Megan Rapinoe rips Donald Trump, USWNT critics and Spain's celebratory kiss on lips

United States' Megan Rapinoe reacts after missing to score during a penalties' shootout during the Women's World Cup round of 16 soccer match between Sweden and the United States in Melbourne, Australia, Sunday, Aug. 6, 2023. (AP Photo/Hamish Blair)

Megan Rapinoe would take the shot again.

The one that seemed like a sure thing when Rapinoe lined up for her kick during the tiebreaking shootout at the end of the U.S.-Sweden game in the Women's World Cup round of 16.

The one that could have helped keep the Americans in the tournament but instead sailed high over the crossbar.

The one that was openly mocked by former President Trump and many others after the U.S. was eliminated with the shootout loss.

More than two weeks later, Rapinoe says she wouldn't hesitate to step up if such a moment arose again.

"I would take that one again," Rapinoe told the Atlantic.

"For a long time, I have thought about missing one in a really big moment. What are you going to do? The only other thing you could do is to not take one. I’m not going to do that. I would rather step up and be in that moment. And I think that’s something that made the criticism after that loss particularly fake and disingenuous and absurd and outrageous to me. It’s like, you’re going to bash on me for getting out there and trying my best?"

Read more: 'I don't have any regrets.' Megan Rapinoe leaves a career that changed the world

Rapinoe has announced she will retire at the end of the NWSL season. That missed shot might have been the last time we see the 38-year-old representing the U.S., but it certainly won't taint a Hall of Fame career that included more than 200 appearances, 63 goals and two World Cup titles and a World Cup Golden Boot.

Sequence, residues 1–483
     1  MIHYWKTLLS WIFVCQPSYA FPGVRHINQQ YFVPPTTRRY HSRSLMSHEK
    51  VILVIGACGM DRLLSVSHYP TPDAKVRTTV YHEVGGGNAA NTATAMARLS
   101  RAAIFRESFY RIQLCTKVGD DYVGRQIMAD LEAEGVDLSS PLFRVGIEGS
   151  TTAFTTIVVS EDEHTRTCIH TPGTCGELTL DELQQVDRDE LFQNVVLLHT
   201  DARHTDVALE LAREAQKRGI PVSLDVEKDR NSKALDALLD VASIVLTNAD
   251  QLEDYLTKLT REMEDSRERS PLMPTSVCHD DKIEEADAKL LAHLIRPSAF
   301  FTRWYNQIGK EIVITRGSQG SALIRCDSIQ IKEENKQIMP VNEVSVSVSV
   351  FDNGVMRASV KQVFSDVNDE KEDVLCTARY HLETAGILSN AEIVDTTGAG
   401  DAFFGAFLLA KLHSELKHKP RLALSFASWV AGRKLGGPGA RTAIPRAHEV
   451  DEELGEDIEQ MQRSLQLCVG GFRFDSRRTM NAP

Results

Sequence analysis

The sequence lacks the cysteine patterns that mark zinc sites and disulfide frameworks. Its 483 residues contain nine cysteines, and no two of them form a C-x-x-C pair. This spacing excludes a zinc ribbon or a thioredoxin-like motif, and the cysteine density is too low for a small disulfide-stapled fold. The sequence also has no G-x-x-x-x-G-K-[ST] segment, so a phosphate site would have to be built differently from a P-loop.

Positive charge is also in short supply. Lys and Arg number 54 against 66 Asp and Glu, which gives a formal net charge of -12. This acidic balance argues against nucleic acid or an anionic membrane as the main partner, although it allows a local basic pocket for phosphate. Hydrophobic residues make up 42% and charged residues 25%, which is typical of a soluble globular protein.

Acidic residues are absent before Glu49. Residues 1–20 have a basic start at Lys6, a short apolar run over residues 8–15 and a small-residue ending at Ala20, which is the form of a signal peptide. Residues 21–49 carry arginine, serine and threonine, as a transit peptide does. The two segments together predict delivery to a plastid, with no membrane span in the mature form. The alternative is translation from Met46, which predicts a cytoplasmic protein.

That didn't stop Trump from rubbing it in on social media soon after the U.S. made its earliest exit from a World Cup in a post that seemed to have more to do with the politics of Rapinoe and her teammates than soccer.

"The 'shocking and totally unexpected' loss by the U.S. Women’s Soccer Team to Sweden is fully emblematic of what is happening to the our once great Nation under Crooked Joe Biden," wrote Trump, who also butted heads with Rapinoe during the team's World Cup championship run in 2019.

"Many of our players were openly hostile to America - No other country behaved in such a manner, or even close. WOKE EQUALS FAILURE. Nice shot Megan, the USA is going to Hell!!!"

Read more: Column: U.S. women's World Cup loss proves 'Barbie's' point: Women are not allowed to fail

In the Atlantic interview, Rapinoe said Trump's post was "a compilation of hit words and hot-button words that don’t actually make any sort of sense or square with reality at all." She lumped it in with much of the criticism she and her teammates received throughout the World Cup, including from Fox Sports analyst Alexi Lalas and former U.S. player Carli Lloyd.

"I think, just in general, the way that our team was spoken about over the course of the tournament, it was fake," Rapinoe said. "And it didn’t make sense to me. In 2019, we were ultra-confident, ultra-swaggy — and won everything. And even though we won, we did it in bad taste, according to our critics. This time, we weren’t confident enough, and we don’t have the right 'mentality.' And so we lost. It’s just so disingenuous. There’s no way for us to win, and there’s no way for us to lose."

Rapinoe, who was a leading figure in the U.S. women's successful fight against their own federation for equal pay and working conditions, also weighed in on the actions of Spain soccer federation president Luis Rubiales, who has apologized for kissing player Jenni Hermoso on the lips during the medal presentation after Spain defeated England in Sunday's World Cup final.

"What kind of upside-down world are we in?" Rapinoe said. "On the biggest stage, where you should be celebrating, Jenni has to be physically assaulted by this guy."

Read more: Spanish soccer head apologizes for kissing player on lips after Women's World Cup win

She said later in the interview: "What I’ve realized for a long time is that we’re playing two games at the same time. One, we’re playing all against each other. And then the other one, we’re all playing together to win equality and progress and what we deserve.

"We want these other teams to be paid equally, and to have the resources that they deserve, and to not be subjected to misogyny and racism and sexism. If that comes at the expense of our own dominance, yeah, we want that."

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This story originally appeared in Los Angeles Times.